Nostalgia is denial – denial of the painful present… the name for this denial is “golden age thinking”… the erroneous notion that a different time period is better than the one one’s living in… it’s a flaw in the romantic imagination of those people who find it difficult to cope with the present.
Is nostalgia, then, only a trick of an immature imagination? Is something wrong with those of us who experience it? Allow me to suggest instead that something is right with us – that we should pay attention to our experience of nostalgia because it tells us something profound and true.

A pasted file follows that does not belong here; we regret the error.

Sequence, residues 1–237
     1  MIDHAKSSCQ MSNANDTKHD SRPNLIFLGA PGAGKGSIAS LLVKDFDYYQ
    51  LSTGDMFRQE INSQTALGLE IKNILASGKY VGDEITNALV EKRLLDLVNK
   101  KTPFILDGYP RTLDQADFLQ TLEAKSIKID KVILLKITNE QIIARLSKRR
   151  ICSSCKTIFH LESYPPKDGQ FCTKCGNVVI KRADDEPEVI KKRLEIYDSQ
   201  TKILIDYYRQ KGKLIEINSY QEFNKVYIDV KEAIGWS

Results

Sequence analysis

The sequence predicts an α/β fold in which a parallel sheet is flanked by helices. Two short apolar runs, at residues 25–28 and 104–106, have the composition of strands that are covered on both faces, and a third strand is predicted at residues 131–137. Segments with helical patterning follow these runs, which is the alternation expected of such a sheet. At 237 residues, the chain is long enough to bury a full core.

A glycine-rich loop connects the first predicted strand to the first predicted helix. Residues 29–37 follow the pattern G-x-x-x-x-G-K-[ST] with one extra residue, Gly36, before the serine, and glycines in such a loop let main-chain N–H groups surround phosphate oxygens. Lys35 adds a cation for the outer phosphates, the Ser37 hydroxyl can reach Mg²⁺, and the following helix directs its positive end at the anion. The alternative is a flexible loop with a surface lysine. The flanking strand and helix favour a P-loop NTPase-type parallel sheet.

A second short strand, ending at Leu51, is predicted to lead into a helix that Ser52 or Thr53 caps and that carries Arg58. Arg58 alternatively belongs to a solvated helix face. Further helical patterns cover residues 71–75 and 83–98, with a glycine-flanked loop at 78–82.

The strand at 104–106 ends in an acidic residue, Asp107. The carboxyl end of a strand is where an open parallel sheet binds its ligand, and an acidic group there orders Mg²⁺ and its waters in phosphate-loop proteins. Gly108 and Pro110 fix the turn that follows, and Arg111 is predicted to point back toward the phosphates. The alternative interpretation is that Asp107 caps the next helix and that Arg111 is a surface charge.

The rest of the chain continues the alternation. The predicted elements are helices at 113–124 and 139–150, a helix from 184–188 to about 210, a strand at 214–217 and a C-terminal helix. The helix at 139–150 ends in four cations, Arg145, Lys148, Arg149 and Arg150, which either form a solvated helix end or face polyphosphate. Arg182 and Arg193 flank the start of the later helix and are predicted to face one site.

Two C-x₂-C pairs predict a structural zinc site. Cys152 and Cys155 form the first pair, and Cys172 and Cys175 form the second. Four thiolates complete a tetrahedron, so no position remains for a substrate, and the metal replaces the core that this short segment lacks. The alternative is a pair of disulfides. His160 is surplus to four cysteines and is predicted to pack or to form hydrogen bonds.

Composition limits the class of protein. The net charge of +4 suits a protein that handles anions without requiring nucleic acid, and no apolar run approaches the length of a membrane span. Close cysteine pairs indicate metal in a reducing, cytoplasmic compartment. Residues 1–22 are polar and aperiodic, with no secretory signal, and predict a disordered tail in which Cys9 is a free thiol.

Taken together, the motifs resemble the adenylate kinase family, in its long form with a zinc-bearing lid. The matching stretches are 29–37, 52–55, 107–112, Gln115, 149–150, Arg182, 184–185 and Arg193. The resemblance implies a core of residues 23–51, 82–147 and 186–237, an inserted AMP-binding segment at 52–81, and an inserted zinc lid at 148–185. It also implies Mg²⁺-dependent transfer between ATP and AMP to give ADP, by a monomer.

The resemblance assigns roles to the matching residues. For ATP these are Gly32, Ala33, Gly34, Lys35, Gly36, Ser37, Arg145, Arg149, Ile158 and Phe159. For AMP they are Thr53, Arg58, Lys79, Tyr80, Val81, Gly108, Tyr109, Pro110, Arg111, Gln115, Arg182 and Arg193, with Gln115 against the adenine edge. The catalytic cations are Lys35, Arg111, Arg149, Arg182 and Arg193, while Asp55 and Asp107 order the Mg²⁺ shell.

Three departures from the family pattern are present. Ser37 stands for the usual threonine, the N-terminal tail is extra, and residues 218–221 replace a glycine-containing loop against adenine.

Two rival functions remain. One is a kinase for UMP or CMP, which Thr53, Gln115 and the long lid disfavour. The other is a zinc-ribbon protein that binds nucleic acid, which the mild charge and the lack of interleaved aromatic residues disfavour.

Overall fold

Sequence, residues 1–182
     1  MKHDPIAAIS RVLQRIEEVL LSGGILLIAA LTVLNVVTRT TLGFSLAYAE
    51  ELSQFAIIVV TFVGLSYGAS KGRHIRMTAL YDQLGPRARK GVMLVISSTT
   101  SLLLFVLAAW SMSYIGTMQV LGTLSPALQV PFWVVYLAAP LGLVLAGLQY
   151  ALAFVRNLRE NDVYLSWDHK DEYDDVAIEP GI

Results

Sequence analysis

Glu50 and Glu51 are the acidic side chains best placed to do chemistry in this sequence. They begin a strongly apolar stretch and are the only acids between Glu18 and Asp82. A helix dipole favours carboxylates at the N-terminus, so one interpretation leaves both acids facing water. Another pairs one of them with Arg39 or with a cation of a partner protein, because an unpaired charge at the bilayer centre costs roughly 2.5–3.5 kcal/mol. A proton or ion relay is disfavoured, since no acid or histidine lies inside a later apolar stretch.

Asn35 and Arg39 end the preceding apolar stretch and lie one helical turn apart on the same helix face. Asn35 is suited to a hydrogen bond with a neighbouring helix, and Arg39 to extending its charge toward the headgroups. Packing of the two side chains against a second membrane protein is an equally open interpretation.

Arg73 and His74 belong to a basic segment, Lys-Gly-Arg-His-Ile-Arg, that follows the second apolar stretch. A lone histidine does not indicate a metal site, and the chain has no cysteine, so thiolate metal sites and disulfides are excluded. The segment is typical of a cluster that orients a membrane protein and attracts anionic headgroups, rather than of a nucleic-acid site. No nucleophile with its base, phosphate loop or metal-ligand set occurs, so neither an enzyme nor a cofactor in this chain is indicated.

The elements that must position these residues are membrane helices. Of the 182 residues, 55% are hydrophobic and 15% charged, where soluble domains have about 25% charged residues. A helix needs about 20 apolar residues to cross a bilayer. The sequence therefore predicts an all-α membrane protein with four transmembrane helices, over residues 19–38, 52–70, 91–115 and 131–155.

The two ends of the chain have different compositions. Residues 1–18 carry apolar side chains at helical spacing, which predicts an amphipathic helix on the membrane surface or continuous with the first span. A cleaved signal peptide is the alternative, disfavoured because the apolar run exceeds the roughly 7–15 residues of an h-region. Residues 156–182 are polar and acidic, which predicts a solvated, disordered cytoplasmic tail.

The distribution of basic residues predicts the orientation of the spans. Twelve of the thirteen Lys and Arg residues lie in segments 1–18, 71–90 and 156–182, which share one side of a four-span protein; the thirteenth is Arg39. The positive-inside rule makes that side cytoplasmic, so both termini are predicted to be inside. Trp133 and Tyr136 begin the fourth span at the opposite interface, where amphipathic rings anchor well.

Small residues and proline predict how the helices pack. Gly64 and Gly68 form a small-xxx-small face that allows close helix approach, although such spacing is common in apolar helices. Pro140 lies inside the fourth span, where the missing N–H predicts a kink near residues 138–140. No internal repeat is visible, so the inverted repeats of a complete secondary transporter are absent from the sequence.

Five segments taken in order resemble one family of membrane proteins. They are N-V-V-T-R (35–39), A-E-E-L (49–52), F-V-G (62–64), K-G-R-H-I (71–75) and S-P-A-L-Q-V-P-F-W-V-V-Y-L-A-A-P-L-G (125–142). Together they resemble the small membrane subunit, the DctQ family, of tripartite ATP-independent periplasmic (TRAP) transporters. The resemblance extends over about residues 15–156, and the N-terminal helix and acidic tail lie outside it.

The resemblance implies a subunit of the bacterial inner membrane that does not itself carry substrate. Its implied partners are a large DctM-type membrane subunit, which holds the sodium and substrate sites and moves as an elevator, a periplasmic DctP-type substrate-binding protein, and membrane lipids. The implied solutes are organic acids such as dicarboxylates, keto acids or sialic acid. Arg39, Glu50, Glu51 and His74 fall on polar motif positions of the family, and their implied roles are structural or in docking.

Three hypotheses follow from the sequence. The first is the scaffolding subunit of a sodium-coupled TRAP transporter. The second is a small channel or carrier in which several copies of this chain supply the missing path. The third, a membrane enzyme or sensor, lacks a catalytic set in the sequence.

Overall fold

In The Weight of Glory, C.S. Lewis writes about our “desire for something that has never actually appeared in our experience” – our “inconsolable secret” that we “take revenge on,” as the pedantic character from Midnight in Paris does, by “calling it names like Nostalgia and Romanticism and Adolescence.” Nostalgia, in other words, is one more form of our longing for God, for heaven – for glory, for eternity, for the Good. How so? To answer that, we must back up a bit and investigate the nature of time.
In Christian thought, there are two types of time: Kronos and Kairos.
Kronos is earthly time, finite time; Kairos is heavenly time, infinite time.